7. ICONOCLASM LED TO THE REMOVAL OF MANY PIECES OF ART

Meaning “image breaking” or “the smashing of images,” the period of iconoclasm (from about 726-787 CE and 815-843 CE) raged when the state banned the production or use of religious images, leaving the cross as the only acceptable icon. Many mosaics and paintings from the Hagia Sophia were destroyed, taken away, or plastered over.

8. A 90-YEAR-OLD, BLIND VENETIAN ONCE CAPTURED HAGIA SOPHIA.

During the Fourth Crusade in 1203 CE, Alexius IV managed to convince the Crusaders to help him take the throne of the Byzantine Empire in exchange for a series of promises and rewards. But just months later, he was murdered in a palace coup. The powerful Doge Enrico Dandolo, the chief magistrate of the Republic of Venice who was over 90 years old and blind, led the Latin Christians on a siege of Constantinople. The city and the church were sacked and desecrated, many golden mosaics were taken back to Italy, and Dandolo was buried at Hagia Sophia after his death in 1205 CE.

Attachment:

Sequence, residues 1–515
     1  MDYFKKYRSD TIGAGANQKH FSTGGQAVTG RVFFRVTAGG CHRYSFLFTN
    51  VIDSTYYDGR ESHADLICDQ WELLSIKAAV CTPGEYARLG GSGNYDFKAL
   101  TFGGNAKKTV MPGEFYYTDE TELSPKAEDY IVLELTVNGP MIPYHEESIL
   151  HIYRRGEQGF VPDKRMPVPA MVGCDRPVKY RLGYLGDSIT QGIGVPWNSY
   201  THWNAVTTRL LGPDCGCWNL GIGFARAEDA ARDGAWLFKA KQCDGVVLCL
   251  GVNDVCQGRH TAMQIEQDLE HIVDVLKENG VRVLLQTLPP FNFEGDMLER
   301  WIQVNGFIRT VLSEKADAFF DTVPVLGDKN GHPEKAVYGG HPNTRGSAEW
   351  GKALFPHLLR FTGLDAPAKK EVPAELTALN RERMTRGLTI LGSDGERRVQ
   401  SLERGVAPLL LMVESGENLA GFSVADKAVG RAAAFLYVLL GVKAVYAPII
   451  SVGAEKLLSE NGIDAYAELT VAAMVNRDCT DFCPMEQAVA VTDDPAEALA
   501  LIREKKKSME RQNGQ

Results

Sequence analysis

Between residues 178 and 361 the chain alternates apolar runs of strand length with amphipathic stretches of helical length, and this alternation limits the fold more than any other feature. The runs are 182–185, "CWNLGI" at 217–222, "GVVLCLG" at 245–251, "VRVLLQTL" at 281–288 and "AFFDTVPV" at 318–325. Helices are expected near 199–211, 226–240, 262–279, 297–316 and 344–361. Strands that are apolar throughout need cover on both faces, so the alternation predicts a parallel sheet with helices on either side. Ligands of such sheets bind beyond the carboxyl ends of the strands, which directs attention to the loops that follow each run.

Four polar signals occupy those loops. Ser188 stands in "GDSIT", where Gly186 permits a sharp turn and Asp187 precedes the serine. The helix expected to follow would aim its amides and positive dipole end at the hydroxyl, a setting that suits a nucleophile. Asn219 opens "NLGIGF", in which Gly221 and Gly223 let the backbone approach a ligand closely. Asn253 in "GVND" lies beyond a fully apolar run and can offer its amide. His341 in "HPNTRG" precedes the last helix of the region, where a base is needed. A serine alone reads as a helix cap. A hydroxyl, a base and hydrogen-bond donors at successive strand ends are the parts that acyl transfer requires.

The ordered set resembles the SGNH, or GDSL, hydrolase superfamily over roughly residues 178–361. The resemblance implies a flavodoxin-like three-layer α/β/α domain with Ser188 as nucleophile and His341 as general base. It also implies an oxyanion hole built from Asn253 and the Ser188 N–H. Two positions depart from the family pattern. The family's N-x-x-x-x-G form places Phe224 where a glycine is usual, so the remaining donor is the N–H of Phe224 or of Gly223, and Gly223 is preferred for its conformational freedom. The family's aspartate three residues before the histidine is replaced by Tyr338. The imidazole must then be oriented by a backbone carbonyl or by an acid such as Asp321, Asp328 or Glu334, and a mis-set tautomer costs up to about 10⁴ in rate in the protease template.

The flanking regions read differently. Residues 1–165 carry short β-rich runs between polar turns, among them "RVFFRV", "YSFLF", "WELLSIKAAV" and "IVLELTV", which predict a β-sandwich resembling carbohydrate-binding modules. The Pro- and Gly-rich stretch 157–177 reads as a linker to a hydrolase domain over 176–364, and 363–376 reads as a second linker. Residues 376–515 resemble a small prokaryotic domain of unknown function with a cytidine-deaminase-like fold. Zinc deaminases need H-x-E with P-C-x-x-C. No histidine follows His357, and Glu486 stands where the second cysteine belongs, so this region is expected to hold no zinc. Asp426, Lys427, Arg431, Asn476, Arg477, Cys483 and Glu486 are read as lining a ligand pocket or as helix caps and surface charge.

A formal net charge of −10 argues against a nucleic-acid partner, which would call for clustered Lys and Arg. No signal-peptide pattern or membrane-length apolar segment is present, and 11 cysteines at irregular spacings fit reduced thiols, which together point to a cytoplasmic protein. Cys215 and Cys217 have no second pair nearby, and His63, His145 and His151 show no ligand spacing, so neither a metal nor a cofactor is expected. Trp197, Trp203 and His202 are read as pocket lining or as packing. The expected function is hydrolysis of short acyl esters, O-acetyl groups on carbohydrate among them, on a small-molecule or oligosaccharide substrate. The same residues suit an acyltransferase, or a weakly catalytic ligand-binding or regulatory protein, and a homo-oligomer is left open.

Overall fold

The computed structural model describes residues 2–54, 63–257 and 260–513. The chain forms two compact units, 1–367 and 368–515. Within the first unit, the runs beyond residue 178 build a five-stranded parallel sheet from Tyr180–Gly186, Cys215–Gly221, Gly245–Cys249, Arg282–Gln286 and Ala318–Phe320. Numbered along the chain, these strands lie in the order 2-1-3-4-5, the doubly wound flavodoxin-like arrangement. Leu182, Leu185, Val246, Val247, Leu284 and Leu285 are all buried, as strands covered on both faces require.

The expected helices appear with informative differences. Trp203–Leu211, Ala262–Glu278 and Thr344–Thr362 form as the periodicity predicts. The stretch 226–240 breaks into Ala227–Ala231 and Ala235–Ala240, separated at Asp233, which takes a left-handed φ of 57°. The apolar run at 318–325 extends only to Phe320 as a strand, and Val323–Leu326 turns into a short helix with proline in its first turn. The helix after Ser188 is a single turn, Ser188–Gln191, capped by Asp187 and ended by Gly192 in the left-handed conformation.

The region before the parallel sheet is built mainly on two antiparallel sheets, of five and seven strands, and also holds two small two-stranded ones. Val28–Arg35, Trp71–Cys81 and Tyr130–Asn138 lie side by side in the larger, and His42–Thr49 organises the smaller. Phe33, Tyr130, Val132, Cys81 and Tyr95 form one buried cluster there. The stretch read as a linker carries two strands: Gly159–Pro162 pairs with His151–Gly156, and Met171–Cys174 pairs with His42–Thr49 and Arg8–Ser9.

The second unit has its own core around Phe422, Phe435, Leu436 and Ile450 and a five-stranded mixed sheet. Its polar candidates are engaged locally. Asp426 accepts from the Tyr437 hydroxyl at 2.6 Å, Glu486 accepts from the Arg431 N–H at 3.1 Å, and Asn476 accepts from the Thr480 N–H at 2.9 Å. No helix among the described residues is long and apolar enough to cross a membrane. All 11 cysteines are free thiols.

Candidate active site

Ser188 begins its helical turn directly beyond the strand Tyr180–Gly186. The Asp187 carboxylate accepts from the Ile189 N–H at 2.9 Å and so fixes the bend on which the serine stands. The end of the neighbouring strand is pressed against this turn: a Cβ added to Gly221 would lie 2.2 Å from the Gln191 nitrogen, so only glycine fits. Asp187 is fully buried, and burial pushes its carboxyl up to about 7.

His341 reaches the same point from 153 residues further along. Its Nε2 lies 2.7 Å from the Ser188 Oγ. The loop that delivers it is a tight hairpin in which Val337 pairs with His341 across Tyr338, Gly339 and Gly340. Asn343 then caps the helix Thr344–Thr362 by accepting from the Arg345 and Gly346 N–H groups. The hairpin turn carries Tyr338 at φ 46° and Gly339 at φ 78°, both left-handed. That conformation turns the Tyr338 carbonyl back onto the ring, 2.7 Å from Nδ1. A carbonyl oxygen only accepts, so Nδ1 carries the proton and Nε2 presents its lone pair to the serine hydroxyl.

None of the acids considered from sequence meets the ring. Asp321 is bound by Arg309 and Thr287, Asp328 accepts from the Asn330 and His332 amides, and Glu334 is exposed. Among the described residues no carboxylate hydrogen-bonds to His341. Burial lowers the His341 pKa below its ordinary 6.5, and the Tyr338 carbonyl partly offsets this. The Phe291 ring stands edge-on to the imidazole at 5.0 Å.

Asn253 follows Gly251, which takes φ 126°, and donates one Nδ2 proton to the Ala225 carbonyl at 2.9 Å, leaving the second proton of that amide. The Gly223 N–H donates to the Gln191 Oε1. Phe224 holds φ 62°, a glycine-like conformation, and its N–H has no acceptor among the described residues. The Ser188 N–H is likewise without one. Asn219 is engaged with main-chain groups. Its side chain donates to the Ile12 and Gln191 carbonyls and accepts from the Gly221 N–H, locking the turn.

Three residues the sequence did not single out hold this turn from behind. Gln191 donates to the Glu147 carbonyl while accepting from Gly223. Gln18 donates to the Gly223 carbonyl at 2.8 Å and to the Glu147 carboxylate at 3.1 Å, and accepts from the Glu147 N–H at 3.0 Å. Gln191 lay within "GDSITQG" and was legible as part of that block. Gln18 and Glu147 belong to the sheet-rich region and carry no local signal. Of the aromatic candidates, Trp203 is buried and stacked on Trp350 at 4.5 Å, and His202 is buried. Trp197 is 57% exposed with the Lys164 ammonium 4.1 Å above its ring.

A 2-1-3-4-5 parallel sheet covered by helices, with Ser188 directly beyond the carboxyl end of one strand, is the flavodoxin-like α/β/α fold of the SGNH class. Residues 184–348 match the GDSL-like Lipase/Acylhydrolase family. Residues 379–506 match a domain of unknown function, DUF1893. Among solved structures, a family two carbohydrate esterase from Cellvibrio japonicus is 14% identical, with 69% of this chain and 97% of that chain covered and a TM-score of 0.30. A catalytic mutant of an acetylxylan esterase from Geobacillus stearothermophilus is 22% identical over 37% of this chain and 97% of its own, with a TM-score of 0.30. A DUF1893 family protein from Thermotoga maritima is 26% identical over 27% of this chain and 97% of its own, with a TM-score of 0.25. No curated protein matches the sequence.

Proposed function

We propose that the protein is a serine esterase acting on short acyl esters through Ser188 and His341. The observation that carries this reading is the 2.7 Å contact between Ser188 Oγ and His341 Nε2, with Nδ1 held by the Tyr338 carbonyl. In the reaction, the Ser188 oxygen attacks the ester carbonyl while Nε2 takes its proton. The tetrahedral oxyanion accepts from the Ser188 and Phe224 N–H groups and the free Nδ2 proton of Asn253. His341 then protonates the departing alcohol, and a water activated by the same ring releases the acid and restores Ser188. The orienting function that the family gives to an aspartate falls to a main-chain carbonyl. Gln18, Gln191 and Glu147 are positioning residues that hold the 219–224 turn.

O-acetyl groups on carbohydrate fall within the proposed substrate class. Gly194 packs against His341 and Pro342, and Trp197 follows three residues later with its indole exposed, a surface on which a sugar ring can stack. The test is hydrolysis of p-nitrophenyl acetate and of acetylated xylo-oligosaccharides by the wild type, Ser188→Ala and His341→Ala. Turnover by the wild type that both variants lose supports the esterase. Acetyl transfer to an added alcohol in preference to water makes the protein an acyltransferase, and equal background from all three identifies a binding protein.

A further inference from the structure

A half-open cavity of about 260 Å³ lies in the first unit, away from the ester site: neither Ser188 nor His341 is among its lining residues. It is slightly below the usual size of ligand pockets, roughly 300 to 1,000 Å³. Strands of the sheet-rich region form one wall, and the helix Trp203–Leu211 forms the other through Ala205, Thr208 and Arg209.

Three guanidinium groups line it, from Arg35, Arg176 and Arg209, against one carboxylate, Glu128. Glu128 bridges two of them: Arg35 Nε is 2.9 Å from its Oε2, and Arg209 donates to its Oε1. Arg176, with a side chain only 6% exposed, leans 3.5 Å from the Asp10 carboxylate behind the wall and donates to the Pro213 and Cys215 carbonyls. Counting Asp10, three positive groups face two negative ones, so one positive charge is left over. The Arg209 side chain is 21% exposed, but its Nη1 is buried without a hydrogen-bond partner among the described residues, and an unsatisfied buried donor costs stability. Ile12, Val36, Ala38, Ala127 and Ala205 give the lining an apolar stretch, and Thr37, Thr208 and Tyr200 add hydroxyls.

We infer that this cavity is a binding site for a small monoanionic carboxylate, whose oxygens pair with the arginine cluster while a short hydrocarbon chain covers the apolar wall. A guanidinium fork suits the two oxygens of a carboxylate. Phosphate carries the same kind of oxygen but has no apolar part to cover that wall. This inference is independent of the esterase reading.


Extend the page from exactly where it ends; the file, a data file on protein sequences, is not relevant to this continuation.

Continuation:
9. THE CHURCH BECAME A MOSQUE FOR 500 YEARS.

Centuries of sackings, conquests, sieges, raids, and crusades came to an end in 1453 CE with the fall of Constantinople at the hands of the Ottoman Empire, led first by Sultan Murad II and then his successor, Mehmed II. The city was renamed Istanbul, the church was looted for treasures, and Mehmed called for a restoration of the 900-year-old building and its conversion into a mosque.

10. A MULTITUDE OF ISLAMIC FEATURES WERE ADDED TO THE BUILDING.